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Swedish Algae Factory secures funding for commercialisation

Swedish Algae Factory has secured SEK 3.5 million (≈ EUR 360 000) in a new investment round and a SEK 1.7 million (≈ EUR 180 000) Swedish Energy Agency grant.

View of the algae cultivation facility with (left) Sofia Allert CEO (photo courtesy Swedish Algae Factory).

View of the algae cultivation facility with Sofia Allert (right) CEO (photo courtesy Swedish Algae Factory).

Swedish Algae Factory, a Swedish start-up company that is developing a novel algae cultivation and wastewater treatment system, has revealed that it has secured around SEK 3.5 million (≈ EUR 360 000) in a new investment round.

Chalmers Ventures, the start-up venture arm of Chalmers University of Technology and ALMI Invest, a Swedish venture capital, and business development agency have committed SEK 1.5 million (≈ EUR 155 000) each with the balance provided by KIC InnoEnergy, a Netherlands-based EU-supported seed capital company.

In addition, Swedish Algae Factory has been awarded a SEK 1.7 million (≈ EUR 180 000) grant from the Swedish Energy Agency.

The money will be used primarily for field tests on commercial solar panels we will do together with our first customers, consisting of solar panel distributors and electricity companies. It will also go towards running our existing smaller breeding plant, and the planning for building our larger, commercial plant, said Sofie Allert, CEO of the Swedish Algae Factory in a statement.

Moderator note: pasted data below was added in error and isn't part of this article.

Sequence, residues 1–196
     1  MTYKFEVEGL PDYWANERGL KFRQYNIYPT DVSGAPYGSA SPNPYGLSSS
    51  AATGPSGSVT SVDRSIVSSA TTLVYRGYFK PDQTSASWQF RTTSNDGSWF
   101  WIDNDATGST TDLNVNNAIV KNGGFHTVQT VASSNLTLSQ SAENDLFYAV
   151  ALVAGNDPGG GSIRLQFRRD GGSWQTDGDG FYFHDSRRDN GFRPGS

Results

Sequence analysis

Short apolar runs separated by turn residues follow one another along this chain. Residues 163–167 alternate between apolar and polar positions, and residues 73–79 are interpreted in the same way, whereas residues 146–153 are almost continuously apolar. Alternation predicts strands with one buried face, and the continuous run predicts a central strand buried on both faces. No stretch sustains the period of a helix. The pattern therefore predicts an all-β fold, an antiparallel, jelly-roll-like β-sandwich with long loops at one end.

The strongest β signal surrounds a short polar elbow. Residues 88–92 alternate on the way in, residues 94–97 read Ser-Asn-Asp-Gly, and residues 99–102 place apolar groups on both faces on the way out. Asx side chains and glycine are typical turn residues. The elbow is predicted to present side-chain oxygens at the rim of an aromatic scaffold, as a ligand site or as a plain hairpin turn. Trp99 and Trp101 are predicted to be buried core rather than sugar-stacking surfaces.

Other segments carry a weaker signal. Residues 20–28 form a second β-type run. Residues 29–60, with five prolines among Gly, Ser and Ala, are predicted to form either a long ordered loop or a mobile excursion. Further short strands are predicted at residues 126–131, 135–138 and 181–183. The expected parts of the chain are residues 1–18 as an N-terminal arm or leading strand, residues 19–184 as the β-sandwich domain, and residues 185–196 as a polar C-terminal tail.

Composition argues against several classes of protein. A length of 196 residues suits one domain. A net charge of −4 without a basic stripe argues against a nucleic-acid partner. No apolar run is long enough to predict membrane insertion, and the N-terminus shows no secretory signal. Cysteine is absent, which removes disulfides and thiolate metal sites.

Novel solar, biomass and wastewater treatment concept

Founded in 2014, Swedish Algae Factory has its origins in Professor and co-founder Angela Wulff’s research at Chalmers on diatoms, unicellular algae with siliceous cell walls that also have a unique ability to capture light. When the nanoporous silicon material is placed on a solar photovoltaic (PV) cell, the efficiency of the PV cell increases by around 4 percent thus reducing the kWh cost of solar power.

The company has developed an energy-efficient algae production and harvesting process whereby wastewater treatment is combined with a production of algal biomass and the nanoporous solar efficiency-enhancing silica material. The biomass can be used to produce bio-oil and organic fertilizers.

Now the company faces the challenge of getting a final product to customers and accelerating production volume.

The company is still in a very early phase but the idea is exciting, and the commercial value of such a great improvement of solar panels is amazing. We have supported the Swedish Algae Factory early, and now we are committing a commercial verification of technology, said Tobias Elmquist, Investment Manager at Chalmers Ventures.

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